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The bombshell landed in December 2006 with language understated and almost coy: “Kitty Kelley, #1 bestselling investigative author, to write an Oprah Winfrey biography,” declared the press release, in smallish block letters, from the Crown Publishing Group. But in the days and weeks afterward, snickering media outlets throughout the world provided a more candid assessment of the announcement’s true implications. “It takes a lot to make Oprah Winfrey tremble, but even the chat-show queen and cultural icon must be quaking in her Manolos at the news that she is in the sights of Kitty Kelley, the poison pen biographer,” The Times of London posited. “In wake of Kitty Kelley bio deal, Oprah to start actively discouraging literacy,” joked the New York media blog Gawker. In Nigeria, the news translated quite simply to “Oprah Gets ‘Vicious’ Biographer.”
Most certainly, this book by that author could not make her happy—and that, in turn, could haunt Crown and its parent company, the sprawling Random House/ Bertelsmann media empire. After all, Oprah is widely considered the Midas of today’s publishing industry, her namesake book club serving as a fiscal supernova, causing a frenzied dash to bookstores whenever she recommends a new title or author. “There is a concern that a Kitty Kelley–style takedown of Oprah is not going to do any good for the corporation,” an executive at another Random House imprint told Crain’s New York Business. GalleyCat, a publishing-industry blog, reported that the book proposal had languished for months before Crown decided to buy it, with other publishers apparently unwilling to risk upsetting the empress of American daytime television and pop literacy. (Crown did not respond to requests for comment.)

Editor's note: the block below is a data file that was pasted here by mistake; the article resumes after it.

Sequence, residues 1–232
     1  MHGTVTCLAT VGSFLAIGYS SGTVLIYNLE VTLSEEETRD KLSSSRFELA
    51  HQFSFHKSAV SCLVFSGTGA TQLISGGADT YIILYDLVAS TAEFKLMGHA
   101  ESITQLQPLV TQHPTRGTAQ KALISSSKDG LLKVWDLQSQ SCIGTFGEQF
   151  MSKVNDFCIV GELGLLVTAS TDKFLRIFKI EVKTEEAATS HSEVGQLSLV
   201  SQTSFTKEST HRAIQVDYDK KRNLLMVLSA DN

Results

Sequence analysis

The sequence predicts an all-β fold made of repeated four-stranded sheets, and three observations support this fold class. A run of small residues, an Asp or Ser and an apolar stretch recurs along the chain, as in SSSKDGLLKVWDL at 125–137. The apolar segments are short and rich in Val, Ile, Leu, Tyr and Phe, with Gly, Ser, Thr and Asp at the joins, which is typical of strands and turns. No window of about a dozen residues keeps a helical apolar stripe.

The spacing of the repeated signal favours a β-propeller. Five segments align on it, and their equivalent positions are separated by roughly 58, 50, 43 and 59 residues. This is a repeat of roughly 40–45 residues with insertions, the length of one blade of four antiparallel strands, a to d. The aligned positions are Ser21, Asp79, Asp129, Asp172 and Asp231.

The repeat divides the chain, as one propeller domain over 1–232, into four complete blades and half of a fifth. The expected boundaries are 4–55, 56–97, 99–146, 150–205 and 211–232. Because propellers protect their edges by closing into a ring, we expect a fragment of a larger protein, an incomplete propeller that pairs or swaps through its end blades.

But now enter the five-foot three-inch, 66-year-old Kitty Kelley, her work representing the sharpest scalpel in the messy genre of celebrity vivisection. Famously, she is more of a pejorative than an actual person. For instance, here’s a sampling of recent Google News alerts for her name: “The paper was guilty of ‘Kitty Kelley journalism’”; “He comes off seeming something like the Kitty Kelley of the history world”; and “An author might be tempted to pull a Kitty Kelley.”
To “pull a Kitty Kelley” apparently means to abide by the lowest journalistic standards possible and to focus heavily on gossip, innuendo, and scandal. Her critics allege that in her 30 years as a biographer, Kelley has offered little beyond scurrilous, secondhand details and anecdotes that portray her subjects as one-dimensional frauds or scoundrels. From her home base of Washington, D.C., she has written a total of six such biographies—all unauthorized, all about iconic figures or families, and all bestsellers many times over. And since, like Oprah, she, too, can sell books in impressive numbers, her advances are normally of the seven-figure variety. (Terms of the Oprah deal had not been revealed as of this writing, but “Oprah is a multimillion-dollar subject,” Kelley told the Washington Post.)